Road from Ione to Sutter Creek has steeper rollers and here a few riders would come though and one of us always pick up the pace. Again the Lifestyle team goes by without saying a word, I stay on their wheel. Big roller coming up and we all go up hard and I shoot out in front--but then slow after climb to regroup with my gruppo. Fun playing games on this part of the road but one I'm focusing on that DIABLO CYCLISTS are GOING to take out the 12 mile climb up Volcano Road, which is coming up.

Sudden big downhill and in main street of beautiful Sutter Creek in early morning, still remember when I first saw it doing the metric route, and was blown away. Then sudden left turn (luckily Sacto Wheelmen arranged to have cops at key intersections, like this one) and on great 12 mile uphill run to Volcano.

Volcano must be my favorite section of road. In past years I'd come up here most Sunday's and begin rides on it every week. Climbs 1000' over 12 miles, so gentle climb with ALWAYS a tailwind. Beautiful stream alongside most of it. Tree shades. Local knowledge helps--real gentle until last 2 miles were F-A-B-I-O Hill (name written on pavement) begins, then gets steep with false summit and another two attention getting uphills. I tell clubmates that we just have to keep it together until FABIO Climb--just stay with anyone who passes, and then I'm going hard. Well, kinda hard, long distance training with lack of intervals has scrubbed off some of any speed I had. (Two years ago I came up for a recovery ride day after long ride--when I got out of car a racing couple from Stockton area were also setting up--of course we then had to push each other the whole route. I couldn't do that now..)

Added bonus--last year we had passed Donna on rollers between Ione and Sutter Creek. This time we didn't catch her until start of Volcano Road--Ward correctly quipped "means she's getting faster."
Donna happy in the early morning, at end of the ride I'd come across her hating the uphill in hot weather. Thanks to Photocrazy for photo

We start up Volcano and going at a good but not killer clip. If anyone passes I'd jump on their wheel and we'd stay with them. When no one passing we'd slack off--a bit. At one point a guy who rides fixed gears on doubles, comes up on a mountain bike and stays with us and tell me how it would help my knee and I have to read his website. . He'd stay with us until the FABIO section. So not anaerobic, just high aerobic. A few times two guys tried to jump ahead but we nailed them back, they weren't going anywhere. Then we get to FABIO Hill, with a few people and we've play the pass and repass game with. I go hard for as long as I can--get to top of climb first but damn-people on my wheel, I can't sustain the pace, and I know some kickass roller sections coming up, so need to back off a bit. . Luckily Big Mike is one of the people who came with me, and he shoots to the front and takes a long pull then goes hard on the next roller. I go over behind him and then go back in front to pull Mike to next roller. We soon look back--other people who went up hard on FABIO Hill have been dropped.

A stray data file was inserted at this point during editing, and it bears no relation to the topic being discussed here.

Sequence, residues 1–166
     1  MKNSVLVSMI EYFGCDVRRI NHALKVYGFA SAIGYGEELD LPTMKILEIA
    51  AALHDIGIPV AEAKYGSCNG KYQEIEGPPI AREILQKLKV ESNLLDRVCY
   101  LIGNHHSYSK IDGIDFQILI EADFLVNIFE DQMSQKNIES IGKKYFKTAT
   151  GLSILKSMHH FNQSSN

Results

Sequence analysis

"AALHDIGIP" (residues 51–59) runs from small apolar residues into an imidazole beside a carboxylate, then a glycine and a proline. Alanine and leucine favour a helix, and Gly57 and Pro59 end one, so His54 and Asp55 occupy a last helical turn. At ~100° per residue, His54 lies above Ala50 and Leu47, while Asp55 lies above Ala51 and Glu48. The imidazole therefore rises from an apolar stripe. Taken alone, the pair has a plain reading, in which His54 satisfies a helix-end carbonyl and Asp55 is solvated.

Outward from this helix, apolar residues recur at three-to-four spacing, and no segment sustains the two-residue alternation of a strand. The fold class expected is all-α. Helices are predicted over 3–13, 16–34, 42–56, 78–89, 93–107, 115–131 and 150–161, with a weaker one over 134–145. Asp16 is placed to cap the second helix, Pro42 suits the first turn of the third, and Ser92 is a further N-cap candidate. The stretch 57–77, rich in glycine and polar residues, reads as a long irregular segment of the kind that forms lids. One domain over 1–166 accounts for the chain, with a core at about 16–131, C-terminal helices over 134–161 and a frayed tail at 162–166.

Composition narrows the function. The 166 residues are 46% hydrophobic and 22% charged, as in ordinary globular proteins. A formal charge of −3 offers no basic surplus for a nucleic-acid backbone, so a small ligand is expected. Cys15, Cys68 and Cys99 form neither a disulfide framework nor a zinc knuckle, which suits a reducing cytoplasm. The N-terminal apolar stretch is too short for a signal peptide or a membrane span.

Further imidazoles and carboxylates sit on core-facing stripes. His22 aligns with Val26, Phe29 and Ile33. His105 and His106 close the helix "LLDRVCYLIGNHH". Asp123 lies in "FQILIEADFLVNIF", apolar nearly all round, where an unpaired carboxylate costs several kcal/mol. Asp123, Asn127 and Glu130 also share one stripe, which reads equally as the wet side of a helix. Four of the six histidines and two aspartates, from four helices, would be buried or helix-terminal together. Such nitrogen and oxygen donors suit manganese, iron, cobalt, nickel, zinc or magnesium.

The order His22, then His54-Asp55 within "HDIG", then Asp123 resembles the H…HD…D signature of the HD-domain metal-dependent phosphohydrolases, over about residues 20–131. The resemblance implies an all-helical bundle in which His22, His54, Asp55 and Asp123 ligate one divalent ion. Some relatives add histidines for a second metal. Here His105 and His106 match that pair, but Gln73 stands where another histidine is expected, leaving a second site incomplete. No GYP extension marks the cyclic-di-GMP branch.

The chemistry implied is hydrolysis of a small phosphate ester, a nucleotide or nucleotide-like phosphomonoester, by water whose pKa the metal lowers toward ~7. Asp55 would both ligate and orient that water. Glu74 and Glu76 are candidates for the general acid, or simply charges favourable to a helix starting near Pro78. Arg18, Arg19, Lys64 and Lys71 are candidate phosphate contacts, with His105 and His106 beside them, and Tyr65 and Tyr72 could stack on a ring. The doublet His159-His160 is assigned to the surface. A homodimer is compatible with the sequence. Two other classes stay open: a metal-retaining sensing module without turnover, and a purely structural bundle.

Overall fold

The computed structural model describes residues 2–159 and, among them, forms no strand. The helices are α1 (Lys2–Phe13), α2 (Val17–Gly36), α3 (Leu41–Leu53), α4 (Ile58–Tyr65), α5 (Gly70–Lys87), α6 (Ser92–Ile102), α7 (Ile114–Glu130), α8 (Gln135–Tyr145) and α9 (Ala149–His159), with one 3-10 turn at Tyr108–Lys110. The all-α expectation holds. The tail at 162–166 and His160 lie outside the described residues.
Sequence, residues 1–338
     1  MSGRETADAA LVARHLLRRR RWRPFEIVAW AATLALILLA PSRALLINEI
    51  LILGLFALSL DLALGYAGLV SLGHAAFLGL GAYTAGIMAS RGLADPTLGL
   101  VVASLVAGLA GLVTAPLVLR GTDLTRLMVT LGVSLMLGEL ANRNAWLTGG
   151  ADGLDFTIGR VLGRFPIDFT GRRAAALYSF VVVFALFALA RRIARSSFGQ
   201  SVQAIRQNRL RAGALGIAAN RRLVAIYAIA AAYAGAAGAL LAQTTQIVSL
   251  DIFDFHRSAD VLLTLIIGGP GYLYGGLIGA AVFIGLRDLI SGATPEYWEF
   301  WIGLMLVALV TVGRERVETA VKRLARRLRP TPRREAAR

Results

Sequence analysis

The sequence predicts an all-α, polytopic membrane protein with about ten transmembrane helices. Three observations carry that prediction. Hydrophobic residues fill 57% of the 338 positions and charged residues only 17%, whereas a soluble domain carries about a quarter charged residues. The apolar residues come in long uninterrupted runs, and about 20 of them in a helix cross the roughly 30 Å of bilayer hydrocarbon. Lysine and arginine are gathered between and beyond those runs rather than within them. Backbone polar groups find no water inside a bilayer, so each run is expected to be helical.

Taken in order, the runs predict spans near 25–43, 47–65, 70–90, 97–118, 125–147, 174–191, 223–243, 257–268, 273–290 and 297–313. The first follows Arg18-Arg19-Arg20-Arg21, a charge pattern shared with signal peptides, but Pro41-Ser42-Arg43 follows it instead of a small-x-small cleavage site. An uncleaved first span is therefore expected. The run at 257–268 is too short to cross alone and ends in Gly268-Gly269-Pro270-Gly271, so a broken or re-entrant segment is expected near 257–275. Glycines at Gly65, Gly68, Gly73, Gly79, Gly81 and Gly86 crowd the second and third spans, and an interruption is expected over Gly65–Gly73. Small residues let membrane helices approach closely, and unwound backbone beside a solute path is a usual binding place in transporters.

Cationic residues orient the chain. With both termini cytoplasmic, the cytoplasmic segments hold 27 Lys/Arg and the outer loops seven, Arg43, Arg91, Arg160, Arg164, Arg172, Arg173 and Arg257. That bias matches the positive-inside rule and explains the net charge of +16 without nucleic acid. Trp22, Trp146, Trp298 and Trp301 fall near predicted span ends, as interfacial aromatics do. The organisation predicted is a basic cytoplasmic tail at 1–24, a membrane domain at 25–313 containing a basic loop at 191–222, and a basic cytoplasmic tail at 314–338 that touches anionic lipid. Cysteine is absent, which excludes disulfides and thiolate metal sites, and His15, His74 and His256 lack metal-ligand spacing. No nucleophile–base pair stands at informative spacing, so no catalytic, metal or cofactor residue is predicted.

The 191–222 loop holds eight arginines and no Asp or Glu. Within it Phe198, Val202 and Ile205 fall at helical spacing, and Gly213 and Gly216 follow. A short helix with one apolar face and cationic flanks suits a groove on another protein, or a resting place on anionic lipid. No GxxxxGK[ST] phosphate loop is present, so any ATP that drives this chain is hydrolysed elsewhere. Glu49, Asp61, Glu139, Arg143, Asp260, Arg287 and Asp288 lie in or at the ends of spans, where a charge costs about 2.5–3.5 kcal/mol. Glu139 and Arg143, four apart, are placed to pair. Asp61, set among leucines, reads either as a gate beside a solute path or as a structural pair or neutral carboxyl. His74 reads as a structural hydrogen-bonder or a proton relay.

Big Mike and I come in together to Volcano, , mile 43, 9:12, 17.7 average speed. Great great rest stop in cute town in the middle of nowhere. Real crowded, I think back when I or Gruppo Pumpkincycle rode through town when it was deserted except for Rosie--the honorary mayor who always sat on the same bench gabbing away. Now she's gone. Ride is supposed to continue up gentle Ram's Horn Grade (6-8% is my guess.) Mike yells that we should get going as he doesn't want to tighten up, as other way out of town is Charleston Road that we are going to do. It is a 2.6 mile climb with three significant parts. The first section is .45 mile and STEEPER than the kick ass finishing ramp on Mt. Diablo (which is @ .1 mile at @ 17%) I know it is harder, as on Diablo I can choose to sit or stand, on this first section of Charleston I HAVE TO stand. Then a brief reprieve and another .4 mile climb, 4x as long as the Diablo ramp but just as steep. Then nice downhill which leads into another .2 mile with a grade like the Diablo ramp. We plan with Doug/ Ward to meet up with them at next rest stop at the bottom of Fiddletown speedway.

Big Mike and I come in together to Volcano, , mile 43, 9:12, 17.7 average speed. Great great rest stop in cute town in the middle of nowhere. Real crowded, I think back when I or Gruppo Pumpkincycle rode through town when it was deserted except for Rosie--the honorary mayor who always sat on the same bench gabbing away. Now she's gone. Ride is supposed to continue up gentle Ram's Horn Grade (6-8% is my guess.) Mike yells that we should get going as he doesn't want to tighten up, as other way out of town is Charleston Road that we are going to do. It is a 2.6 mile climb with three significant parts. The first section is .45 mile and STEEPER than the kick ass finishing ramp on Mt. Diablo (which is @ .1 mile at @ 17%) I know it is harder, as on Diablo I can choose to sit or stand, on this first section of Charleston I HAVE TO stand. Then a brief reprieve and another .4 mile climb, 4x as long as the Diablo ramp but just as steep. Then nice downhill which leads into another .2 mile with a grade like the Diablo ramp. We plan with Doug/ Ward to meet up with them at next rest stop at the bottom of Fiddletown speedway.